Frequently Asked Questions

These consider some of the issues relating to the use of animals in biomedical research:

Surely there is evidence that animal research is useful for human medicine?

But animal research must lead to cures for humans?

But I am always hearing about new breakthroughs as a result of animal research

At least animal research must be conducted to the highest scientific standards?

Do animal researchers report their findings fairly?

Would drugs be safe for us if they were not first tested on animals?

Humans are animals, so what’s the problem?

How can we hope to cure cancer without animal research?

How can we know that medicines will not cause birth defects without testing them on animals?

Wasn’t animal research responsible for the polio vaccine and other major medical and scientific advances?

Don’t all doctors support the concept of animal research?

Why does animal research continue?

Aren’t the 3Rs the best way to phase out animal research?

If we don’t use animals, what will we use?

  • In vitro (test tube) research has been instrumental in many great scientific and medical advances. For example the discovery of antibiotics, the structure of DNA, and the development of many of the vaccines we use today.
  • Epidemiology (research into the causes of health and illness in populations) has revealed that folic acid deficiency causes birth defects, tobacco smoking causes lung cancer, lead damages children’s brains and social inequality leads to ill-health.
  • Post-mortem studies have been used for centuries to further understanding of the human body and have led to many clinical benefits, including advances in congenital heart disease. Post mortem studies remain an excellent way of studying the effects of a disease on the whole body.
  • Clinical studies: well-designed clinical trials are able to establish whether current practice is actually the best option. Some practices have been shown in clinical trials to cause more harm than benefit, e.g. the use of corticosteroids after brain injury.
  • Human tissue is vital in the study of human disease and drug testing (animal tissue differs from human tissue in crucial ways). Human tissue is used for a range of different purposes, including understanding disease progression, developing diagnostic and screening tests, and testing the effects of drugs. Tissue banks store human tissue for use in research, e.g. tissue from people with certain diseases, or from different parts of the body.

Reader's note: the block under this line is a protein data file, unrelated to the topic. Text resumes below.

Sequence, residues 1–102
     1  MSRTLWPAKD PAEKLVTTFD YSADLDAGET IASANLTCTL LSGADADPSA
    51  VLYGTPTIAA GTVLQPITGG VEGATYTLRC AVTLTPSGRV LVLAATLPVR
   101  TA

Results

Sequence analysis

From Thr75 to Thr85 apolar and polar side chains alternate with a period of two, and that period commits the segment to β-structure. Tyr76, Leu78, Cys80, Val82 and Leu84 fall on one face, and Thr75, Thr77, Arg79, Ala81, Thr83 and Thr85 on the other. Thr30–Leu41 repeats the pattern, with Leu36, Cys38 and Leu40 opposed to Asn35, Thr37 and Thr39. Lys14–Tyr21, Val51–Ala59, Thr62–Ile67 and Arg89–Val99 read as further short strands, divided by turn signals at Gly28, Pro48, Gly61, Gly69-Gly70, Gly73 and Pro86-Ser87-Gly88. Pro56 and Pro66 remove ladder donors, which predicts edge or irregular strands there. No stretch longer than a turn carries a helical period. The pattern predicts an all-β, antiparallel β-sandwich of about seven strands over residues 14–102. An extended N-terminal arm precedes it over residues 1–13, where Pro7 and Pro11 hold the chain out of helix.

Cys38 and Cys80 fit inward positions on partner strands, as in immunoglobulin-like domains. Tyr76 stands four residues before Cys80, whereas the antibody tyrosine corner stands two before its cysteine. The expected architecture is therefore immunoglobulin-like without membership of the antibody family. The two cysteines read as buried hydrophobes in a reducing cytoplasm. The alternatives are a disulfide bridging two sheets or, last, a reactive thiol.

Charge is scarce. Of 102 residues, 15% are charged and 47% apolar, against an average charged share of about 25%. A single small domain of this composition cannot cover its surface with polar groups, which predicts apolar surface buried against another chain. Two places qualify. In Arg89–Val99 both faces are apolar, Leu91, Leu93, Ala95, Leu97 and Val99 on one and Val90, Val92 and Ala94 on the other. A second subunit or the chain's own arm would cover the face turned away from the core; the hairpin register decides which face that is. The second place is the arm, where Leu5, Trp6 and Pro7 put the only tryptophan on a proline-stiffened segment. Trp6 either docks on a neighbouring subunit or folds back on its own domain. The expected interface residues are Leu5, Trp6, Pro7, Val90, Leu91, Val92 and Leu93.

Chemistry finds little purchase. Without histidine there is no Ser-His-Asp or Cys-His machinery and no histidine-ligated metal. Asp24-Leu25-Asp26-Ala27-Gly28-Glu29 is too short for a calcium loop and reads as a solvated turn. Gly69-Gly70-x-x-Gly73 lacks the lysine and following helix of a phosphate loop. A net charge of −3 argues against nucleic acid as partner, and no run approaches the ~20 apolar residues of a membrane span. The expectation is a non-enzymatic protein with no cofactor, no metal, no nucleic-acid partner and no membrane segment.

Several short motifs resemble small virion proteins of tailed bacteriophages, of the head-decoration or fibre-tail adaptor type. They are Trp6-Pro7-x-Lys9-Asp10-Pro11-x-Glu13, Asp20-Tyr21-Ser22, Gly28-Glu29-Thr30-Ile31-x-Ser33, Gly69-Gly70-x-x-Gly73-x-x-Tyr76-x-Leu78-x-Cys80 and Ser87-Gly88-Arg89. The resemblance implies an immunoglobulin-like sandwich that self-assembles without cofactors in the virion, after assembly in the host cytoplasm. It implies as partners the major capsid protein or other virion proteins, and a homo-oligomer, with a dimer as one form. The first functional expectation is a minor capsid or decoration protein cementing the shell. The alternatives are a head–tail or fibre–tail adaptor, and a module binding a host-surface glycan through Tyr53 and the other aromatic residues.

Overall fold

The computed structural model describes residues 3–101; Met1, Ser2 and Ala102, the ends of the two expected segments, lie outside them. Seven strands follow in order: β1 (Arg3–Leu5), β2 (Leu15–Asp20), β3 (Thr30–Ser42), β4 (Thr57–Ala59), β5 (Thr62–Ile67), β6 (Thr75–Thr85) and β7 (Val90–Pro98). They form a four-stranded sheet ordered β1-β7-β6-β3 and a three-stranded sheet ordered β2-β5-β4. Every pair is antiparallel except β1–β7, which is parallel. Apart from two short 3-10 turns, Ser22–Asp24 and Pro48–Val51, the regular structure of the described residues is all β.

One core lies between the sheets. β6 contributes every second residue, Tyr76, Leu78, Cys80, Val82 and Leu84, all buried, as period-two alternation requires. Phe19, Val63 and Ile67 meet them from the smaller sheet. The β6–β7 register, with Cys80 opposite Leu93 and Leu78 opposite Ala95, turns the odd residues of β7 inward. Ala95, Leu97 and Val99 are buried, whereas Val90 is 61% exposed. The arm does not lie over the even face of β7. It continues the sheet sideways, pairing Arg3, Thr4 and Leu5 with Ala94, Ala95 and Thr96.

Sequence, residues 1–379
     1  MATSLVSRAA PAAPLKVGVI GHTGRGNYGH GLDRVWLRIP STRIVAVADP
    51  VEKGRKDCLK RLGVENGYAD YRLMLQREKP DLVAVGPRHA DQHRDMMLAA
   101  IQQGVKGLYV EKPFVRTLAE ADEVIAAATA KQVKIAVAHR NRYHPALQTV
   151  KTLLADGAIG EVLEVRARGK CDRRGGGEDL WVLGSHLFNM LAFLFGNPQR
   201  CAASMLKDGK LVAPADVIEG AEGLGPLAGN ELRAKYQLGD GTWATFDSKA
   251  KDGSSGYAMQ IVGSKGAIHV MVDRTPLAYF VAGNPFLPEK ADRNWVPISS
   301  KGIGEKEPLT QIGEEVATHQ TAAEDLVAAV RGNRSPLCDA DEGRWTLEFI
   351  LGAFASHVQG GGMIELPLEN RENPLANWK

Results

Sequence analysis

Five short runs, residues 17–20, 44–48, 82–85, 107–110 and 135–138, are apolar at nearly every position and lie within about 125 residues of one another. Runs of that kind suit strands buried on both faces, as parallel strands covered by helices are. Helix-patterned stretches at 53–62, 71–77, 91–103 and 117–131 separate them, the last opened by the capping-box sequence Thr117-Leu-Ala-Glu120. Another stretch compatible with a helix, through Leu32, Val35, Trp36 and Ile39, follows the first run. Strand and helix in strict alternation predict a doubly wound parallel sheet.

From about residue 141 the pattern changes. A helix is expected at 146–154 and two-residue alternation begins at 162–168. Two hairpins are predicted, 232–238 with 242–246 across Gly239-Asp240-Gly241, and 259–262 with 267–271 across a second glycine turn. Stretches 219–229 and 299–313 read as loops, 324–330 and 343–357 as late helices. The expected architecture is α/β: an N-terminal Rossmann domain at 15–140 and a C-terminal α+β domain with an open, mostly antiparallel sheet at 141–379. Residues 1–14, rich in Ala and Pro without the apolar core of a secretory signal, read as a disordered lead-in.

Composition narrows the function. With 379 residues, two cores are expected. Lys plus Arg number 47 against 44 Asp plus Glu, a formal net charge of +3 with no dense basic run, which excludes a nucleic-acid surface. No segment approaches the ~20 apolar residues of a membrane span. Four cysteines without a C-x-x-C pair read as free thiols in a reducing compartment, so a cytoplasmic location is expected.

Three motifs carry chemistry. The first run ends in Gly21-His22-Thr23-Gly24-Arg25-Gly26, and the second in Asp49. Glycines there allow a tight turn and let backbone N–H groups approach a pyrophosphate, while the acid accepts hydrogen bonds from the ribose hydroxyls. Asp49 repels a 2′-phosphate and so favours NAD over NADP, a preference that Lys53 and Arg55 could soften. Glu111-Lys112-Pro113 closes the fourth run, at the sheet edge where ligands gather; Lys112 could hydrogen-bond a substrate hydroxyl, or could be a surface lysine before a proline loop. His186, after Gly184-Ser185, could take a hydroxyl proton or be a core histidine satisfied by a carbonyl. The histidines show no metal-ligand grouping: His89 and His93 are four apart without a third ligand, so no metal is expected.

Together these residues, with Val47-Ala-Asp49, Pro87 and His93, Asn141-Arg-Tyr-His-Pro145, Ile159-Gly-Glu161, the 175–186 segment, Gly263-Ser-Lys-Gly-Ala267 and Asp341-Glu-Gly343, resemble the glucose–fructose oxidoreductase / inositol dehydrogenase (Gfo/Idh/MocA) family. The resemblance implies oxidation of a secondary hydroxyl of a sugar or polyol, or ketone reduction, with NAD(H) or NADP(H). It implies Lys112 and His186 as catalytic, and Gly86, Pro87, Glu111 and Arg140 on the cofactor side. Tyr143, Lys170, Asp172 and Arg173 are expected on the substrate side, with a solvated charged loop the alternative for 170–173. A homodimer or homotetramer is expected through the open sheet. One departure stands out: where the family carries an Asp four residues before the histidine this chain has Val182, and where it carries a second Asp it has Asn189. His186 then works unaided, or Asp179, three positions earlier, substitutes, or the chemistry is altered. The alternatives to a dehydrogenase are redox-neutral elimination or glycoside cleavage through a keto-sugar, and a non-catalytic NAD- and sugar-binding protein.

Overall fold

• Human stem cells: the generation of human induced pluripotent stem cells (iPSC) has been an important breakthrough. iPSC possess the genetic background of individuals so can be used to create disease- or patient-specific models, such as ‘organoids’.
  • Organoids are simplified in vitro versions of organs, capable of modelling some specific function of that organ (Lancaster and Knoblich 2014).
  • Organs on chips are micro physiological systems that enable basic biological processes to be studied and the effects of drugs to be investigated. By identifying safety and efficacy issues earlier in the drug development process they may enable the selection of drug candidates that are more likely to succeed in human clinical trials. The US is making significant investments in organ-on-chip technologies (Marshall et al 2018).
  • In silico (computer) approaches and mathematical modelling are now being used to better understand the complex chain of processes that occur when a chemical enters the human body, allowing a better understanding of how toxicity is expressed in the body. In an in silico ‘drug trial’ the computer model predicted the risk of human drug-induced heart arrhythmias with 89% accuracy, compared with animal studies that showed up to 75% accuracy (Passini et al 2017). In another example, in which the world’s largest machine-readable toxicological database was used to predict the toxicity of new chemicals, it clearly outperformed animal tests (Luechtefeld et al 2018).
  • Imaging technologies: magnetic resonance imaging (MRI), functional MRI (fMRI), positron emission tomography (PET) and other imaging technologies are now able to offer a view of the human body that cannot be gained by studying animals.
  • Microdosing is a process whereby drugs are administered in doses small enough to be safe, but large enough for the cellular response to be studied, enabling potential new drugs to be safely tested in humans. All new drugs are eventually tested on humans but new microdosing techniques can be used to achieve this more safely.
  • Post-marketing drug surveillance is the practice of monitoring drugs after they have been marketed. Potentially this can help to identify any unexpected adverse drug reactions much sooner.
  • Prevention is always more effective than cure. It is estimated for example, that 90% of stroke risk factors are modifiable through lifestyle changes (O’Donnell et al 2016).

Replacing the animal model is not about finding a one-to-one ‘alternative’ to every procedure that involves animals, it is about a completely new approach to research that is committed to using the best and most physiologically relevant research methods for investigating human health and illness.


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